These manmade substances are dangerous because breathing them in, getting them on your skin, or swallowing them at high levels for short periods of time affects nerve and brain function. In addition, some manmade substances also get stored in body fat, which can be released into the body’s circulation at a later time.
- characterize toxicological and adverse health effects information for toxic substances, and
- estimate the daily human exposure to a particular hazardous substance.
One leading example of a class of hazardous substance that requires a profile are per- and polyfluoroalkyl substances (PFAS). Human exposure to PFAS is a public health concern that the Centers for Disease Control and Prevention’s (CDC) National Center for Environmental Health (NCEH) and the Agency for Toxic Substances and Disease Registry (ATSDR) are helping local, territorial, tribal, state, and federal partners address.
Over the last decade, interest in PFAS has been growing. ATSDR and state health partners are investigating exposure to, and the possible health effects associated with PFAS in more than 30 communities across the United States.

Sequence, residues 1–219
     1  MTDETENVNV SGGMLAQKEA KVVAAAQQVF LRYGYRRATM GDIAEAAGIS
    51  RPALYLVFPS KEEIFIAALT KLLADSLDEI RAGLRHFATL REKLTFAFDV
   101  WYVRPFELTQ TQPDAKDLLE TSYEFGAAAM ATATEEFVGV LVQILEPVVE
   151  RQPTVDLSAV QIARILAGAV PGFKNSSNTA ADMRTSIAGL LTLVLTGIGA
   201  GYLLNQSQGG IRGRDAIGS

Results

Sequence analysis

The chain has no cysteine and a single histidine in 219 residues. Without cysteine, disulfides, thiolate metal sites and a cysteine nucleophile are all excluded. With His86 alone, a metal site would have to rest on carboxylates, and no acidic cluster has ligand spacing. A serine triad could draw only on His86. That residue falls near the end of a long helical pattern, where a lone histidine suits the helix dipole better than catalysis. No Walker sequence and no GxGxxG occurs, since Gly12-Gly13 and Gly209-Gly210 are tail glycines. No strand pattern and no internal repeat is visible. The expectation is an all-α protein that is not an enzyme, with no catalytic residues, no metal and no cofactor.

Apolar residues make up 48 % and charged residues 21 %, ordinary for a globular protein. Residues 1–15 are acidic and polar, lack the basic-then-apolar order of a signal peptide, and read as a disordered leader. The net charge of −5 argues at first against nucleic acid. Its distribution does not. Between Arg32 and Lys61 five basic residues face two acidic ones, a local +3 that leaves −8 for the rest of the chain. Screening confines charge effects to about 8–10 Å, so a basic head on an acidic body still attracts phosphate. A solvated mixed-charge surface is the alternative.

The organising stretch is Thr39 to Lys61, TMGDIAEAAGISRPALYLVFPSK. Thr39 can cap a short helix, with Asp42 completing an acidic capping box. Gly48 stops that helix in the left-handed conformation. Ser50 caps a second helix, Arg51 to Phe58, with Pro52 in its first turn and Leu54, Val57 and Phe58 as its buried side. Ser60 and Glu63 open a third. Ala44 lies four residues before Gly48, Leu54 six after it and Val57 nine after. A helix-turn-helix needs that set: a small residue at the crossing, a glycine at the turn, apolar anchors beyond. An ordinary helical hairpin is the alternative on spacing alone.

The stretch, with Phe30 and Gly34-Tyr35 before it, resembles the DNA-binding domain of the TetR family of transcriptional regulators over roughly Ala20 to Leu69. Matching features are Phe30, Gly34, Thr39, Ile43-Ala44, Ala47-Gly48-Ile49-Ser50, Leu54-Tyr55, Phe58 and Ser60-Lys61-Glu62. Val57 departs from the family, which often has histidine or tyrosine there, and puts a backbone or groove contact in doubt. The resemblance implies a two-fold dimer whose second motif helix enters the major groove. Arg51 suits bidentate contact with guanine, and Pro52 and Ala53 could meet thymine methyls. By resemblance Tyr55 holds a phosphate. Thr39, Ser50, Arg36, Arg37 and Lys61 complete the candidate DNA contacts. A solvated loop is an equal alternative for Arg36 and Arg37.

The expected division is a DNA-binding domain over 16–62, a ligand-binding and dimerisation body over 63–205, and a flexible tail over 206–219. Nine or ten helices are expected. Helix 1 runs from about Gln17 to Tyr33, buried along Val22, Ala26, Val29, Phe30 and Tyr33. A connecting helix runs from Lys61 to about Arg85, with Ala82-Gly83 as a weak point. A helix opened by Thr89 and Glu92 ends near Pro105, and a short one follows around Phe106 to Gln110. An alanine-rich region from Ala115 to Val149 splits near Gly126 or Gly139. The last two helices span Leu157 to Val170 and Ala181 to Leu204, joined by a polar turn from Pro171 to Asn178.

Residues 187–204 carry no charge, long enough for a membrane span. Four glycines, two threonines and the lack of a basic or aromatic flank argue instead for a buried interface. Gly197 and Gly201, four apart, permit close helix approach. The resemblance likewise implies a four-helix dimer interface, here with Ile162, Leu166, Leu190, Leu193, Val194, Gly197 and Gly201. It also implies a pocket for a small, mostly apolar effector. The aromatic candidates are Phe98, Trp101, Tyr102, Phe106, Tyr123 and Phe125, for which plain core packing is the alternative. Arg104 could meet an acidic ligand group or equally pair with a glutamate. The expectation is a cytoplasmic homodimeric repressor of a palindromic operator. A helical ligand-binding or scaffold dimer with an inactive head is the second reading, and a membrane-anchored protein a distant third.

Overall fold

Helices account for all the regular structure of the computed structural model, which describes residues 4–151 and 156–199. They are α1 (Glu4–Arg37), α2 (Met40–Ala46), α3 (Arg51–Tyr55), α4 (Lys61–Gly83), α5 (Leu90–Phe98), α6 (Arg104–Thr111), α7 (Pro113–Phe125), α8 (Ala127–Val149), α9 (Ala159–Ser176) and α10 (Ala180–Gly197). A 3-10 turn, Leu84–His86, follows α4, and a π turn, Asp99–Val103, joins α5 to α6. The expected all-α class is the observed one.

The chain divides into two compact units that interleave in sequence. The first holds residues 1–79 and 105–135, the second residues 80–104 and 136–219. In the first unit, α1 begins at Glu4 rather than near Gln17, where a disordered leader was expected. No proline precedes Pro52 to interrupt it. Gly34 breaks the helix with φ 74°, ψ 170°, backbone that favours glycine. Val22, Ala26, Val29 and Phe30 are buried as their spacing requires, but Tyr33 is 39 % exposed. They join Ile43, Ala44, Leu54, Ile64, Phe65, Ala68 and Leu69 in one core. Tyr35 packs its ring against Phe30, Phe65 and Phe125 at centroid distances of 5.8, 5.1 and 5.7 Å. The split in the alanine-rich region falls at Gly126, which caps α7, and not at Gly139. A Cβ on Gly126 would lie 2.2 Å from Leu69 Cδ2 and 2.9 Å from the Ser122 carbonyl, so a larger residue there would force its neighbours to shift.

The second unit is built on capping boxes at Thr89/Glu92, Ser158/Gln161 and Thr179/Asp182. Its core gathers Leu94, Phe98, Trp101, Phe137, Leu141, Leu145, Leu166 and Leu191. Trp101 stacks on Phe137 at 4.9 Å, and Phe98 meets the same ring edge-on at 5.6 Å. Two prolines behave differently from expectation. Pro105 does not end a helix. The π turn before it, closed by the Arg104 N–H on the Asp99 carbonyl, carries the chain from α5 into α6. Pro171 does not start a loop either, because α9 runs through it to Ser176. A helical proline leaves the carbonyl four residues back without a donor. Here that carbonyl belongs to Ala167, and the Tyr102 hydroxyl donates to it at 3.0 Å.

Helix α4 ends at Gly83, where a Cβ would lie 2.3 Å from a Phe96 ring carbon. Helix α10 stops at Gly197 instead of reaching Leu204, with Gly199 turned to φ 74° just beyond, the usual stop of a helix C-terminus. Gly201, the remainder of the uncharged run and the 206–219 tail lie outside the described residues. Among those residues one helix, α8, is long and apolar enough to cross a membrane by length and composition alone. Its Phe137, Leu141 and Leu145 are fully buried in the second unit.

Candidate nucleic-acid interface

To learn more, visit Learn about PFAS.
It’s not all work and no play for Brittany. She was a fencer up until her vet school clinical rotations. During her final years of fencing, she took interest in ballroom dance lessons. Now, Brittany has been ballroom dancing for about nine years. She also likes to play Pokémon Go and was a local community leader for organizing events. In addition, Brittany has been attending Dragon Con in Atlanta since 2014.
A true lover of all living things, Brittany currently owns two dogs, six tarantulas, a salamander, and some isopods (pill bugs). She also volunteers at The Amphibian Foundation. The foundation is a local non-profit that leads one-of-a-kind conservation programs and aims to educate people about amphibians.
Brittany grew up in West Virginia as one of eight siblings in the household. She is a first-generation college graduate from a low-income family. In addition, Brittany has attained two doctoral degrees.
In May 2013, she earned a bachelor’s degree, and graduated with honors, in animal and nutritional sciences, biochemistry at West Virginia University. Her doctorate in veterinary medicine is from Mississippi State University, earned in May 2017. In April 2021, she earned her doctorate in Environmental Toxicology from Mississippi State.
“By choosing a career as both a toxicologist and veterinarian, I took the road less traveled. I’m hoping to use my experiences to help clear the path for others to pursue a similar background – more veterinarians in toxicology. Dare to be different!” she proudly declares.